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Origin and Habitat: North of Erigavo in the Taba'a Gap (Tabia Gorge), Northern Somalia (not known elsewhere.).
Altitude range: 100–1750 metres above sea level.
Habitat and ecology. This species may occur in shady moss filled cracks in a limestone gorge - this gives a clue to the growing conditions needed in cultivation.
- Dorstenia lavrani T.A.McCoy & M.Massara
Description: Dorstenia lavrani is a many stemmed perennial plant which produced a symmetrical "grove" with many succulent wax-like stems patterned with spiraling rows of whitish leaf scars. Each stem is topped with a rosette of attractively crisped leaves. Overall, this plant has the appearance of a compact grove of palm trees, and is most attractive. Dorstenia lavrani is believed to represent the only species of Dorstenia which is dioecious - in which the male (pollinate) and female (pistillate) flowers, are born on separate plants. So to produce seed, plants of both sex are needed. This are required to set seed. This contrasts with other dorstenias that have flowers of both sexes on the same plant (and are therefore monoecious) so that seeds are freely produced from just a single plant. In addition to its ‘proper name’, it is also listed under various names such as Dorstenia Taba’a Gorge, Dorstenia species Mait Plateau and Dorstenia L&H 10341.
Stems: Succulent, simple, offsetting from at the base 1–2.5 cm thick and up to 20 cm tall, with pronounced spirally arranged leaf-, inflorescence- and stipule-scars.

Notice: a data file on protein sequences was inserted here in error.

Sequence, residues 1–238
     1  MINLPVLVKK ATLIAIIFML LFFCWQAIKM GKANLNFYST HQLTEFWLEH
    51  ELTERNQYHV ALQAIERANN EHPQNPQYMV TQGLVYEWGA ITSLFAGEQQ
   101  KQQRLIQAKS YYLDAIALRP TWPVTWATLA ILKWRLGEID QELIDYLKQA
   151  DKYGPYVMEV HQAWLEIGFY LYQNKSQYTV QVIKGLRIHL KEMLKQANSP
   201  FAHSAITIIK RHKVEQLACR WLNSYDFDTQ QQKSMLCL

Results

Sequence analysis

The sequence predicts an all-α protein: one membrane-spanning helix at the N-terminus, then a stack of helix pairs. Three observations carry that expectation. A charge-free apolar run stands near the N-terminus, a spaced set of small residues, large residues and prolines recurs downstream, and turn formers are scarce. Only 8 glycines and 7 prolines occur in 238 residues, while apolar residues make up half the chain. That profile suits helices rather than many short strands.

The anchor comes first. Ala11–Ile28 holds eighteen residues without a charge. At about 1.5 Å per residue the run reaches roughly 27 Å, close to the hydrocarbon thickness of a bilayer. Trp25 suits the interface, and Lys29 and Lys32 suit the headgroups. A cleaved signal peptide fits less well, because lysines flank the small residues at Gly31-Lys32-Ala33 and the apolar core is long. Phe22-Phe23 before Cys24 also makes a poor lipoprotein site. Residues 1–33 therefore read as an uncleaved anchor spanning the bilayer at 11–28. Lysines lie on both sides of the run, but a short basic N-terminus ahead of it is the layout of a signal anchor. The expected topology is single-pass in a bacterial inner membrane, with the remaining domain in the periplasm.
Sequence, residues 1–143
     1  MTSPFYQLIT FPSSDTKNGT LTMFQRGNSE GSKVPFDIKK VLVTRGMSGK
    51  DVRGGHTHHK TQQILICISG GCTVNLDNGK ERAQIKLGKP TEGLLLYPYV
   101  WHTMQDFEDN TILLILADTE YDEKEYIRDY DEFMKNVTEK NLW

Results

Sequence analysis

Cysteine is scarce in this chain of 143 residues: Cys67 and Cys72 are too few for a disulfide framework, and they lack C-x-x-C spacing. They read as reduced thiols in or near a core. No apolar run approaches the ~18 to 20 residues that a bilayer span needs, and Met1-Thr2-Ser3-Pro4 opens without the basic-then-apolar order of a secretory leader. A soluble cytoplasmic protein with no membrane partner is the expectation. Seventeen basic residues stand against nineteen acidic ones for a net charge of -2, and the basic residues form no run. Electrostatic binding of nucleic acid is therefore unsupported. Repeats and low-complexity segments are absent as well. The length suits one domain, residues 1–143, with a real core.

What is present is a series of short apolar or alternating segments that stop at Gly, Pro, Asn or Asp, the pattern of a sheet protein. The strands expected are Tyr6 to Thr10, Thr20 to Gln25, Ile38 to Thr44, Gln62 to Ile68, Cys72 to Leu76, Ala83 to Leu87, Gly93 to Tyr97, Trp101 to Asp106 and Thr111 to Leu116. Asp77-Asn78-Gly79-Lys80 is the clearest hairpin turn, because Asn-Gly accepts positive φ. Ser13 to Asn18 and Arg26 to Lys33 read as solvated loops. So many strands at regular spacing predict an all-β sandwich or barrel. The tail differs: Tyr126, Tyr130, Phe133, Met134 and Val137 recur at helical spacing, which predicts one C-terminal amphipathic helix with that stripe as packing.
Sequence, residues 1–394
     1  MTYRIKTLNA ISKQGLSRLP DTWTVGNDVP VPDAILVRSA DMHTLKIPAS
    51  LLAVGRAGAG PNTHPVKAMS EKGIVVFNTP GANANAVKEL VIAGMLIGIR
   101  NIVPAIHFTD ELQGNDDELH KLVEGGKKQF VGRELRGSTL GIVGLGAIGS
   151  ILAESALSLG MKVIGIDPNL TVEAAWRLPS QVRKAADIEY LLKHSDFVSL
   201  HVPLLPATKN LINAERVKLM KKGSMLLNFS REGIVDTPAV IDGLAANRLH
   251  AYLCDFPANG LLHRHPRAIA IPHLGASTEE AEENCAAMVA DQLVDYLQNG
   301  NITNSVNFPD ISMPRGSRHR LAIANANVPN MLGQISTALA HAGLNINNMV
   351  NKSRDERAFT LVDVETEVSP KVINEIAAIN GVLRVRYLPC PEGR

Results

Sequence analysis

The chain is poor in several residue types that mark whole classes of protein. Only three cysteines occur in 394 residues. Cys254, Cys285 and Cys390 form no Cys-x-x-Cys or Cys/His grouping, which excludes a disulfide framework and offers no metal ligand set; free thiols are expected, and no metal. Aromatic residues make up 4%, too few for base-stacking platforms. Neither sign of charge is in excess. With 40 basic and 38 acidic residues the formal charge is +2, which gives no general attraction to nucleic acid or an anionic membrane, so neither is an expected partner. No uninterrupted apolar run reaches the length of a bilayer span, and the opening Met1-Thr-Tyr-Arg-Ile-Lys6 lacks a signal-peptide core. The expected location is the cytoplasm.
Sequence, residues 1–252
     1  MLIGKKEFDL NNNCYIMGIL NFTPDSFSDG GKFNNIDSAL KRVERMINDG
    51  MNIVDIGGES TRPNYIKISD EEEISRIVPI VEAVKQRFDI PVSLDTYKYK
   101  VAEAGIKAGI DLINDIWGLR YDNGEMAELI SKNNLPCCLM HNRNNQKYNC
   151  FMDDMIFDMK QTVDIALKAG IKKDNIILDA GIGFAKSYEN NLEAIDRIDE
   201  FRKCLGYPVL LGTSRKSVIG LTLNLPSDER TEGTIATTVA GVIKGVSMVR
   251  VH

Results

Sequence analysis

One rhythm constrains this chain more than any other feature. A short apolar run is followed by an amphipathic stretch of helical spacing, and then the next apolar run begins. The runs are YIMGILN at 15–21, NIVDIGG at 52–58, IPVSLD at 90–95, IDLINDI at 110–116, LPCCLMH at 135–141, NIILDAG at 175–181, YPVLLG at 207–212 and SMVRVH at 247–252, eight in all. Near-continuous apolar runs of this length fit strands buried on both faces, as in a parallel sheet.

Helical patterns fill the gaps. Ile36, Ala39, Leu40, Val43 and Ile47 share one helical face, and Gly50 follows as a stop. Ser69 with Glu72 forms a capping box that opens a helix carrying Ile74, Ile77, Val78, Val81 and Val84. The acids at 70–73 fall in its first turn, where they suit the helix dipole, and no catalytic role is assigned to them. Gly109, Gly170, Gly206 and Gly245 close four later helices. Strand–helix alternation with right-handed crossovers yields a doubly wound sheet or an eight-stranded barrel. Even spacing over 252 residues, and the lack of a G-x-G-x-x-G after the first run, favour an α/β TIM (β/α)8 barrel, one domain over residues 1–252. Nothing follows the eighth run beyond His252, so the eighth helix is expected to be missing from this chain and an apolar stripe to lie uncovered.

Leaves: Alternate, crowded at the top of stems; stipules subulate from a broad base, 1–2 mm long, deciduous; petiole up to 5 mm long, puberulous; blade elliptic to obovate, 1.5–4.5 x 0.7–1.8 cm, subacute at the apex, with crenate and strongly undulate margins, ± puberulous on both surfaces or glabrous above.
Inflorescence. The flower's receptacle is produced in the leaf axils, on peduncles 5–15 mm long. The receptacle is open, circular in outline, 5–15 mm in diam. (excl. appendages), often flat or only moderately curved, folded or cupped - it has the general appearance of a fleshy greenish daisy, with long, fleshy appendages radiating outwards from its centre. Appendages 6–12, linear, unequal, up to 16 mm long. Male flowers numerous (about 200); tepals 2(–3); stamens 2–3. Female flowers about 80, stigma unbranched.
Bibliography: Major references and further lectures
1) Bruce Brethauer “Plant of the month: Dorstenia Lavrani; Tabia Gorge, Somalia” The Central Ohio Cactus and Succulent Society retrieved on 22 December 2016 <http://columbus-cactus-club.webs.com/Dorstenia%20Lavrani.htm>
2) Tina Wardlaugh “The sex life of Dorstenia lavrani” Northampton and Milton Keynes Branch of the B.C.S.S. retrieved on 22 December 2016 <http://northants.bcss.org.uk/nl222/nl222dorstenia.htm>
3) Dorstenia lavrani in the American Journal (CSJ Vol. 80, No.2, 2008)
4) Friis “Flora Somalia”, Vol 2, 1999) Author: by [updated by M. Thulin 2008]
Dorstenia lavrani Photo by: © Plantemania
Dorstenia lavranii seedlings. Photo by: © Plantemania
Cultivation and Propagation: Dorstenia lavrani needs bright light or partial to full shade, with warm temperatures and a well-drained soil mix that must not remain soggy for too long. During the growing season, the plants appreciate a fair amount of water but allow the soil to dry slightly between watering, making sure that they never dry out completely. They have to be kept in a rather high air humidity. They are fertilized once during the growing season with a balanced fertilizer diluted to ½ the strength recommended on the label. During the winter months they tend to go at least partially dormant and will exhibit some leaf loss. During this period, they should be given very little water.
Propagation: Dorstenias are usually propagated by seed. Seed germinate readily at 21° C. They can also be propagated by cuttings.
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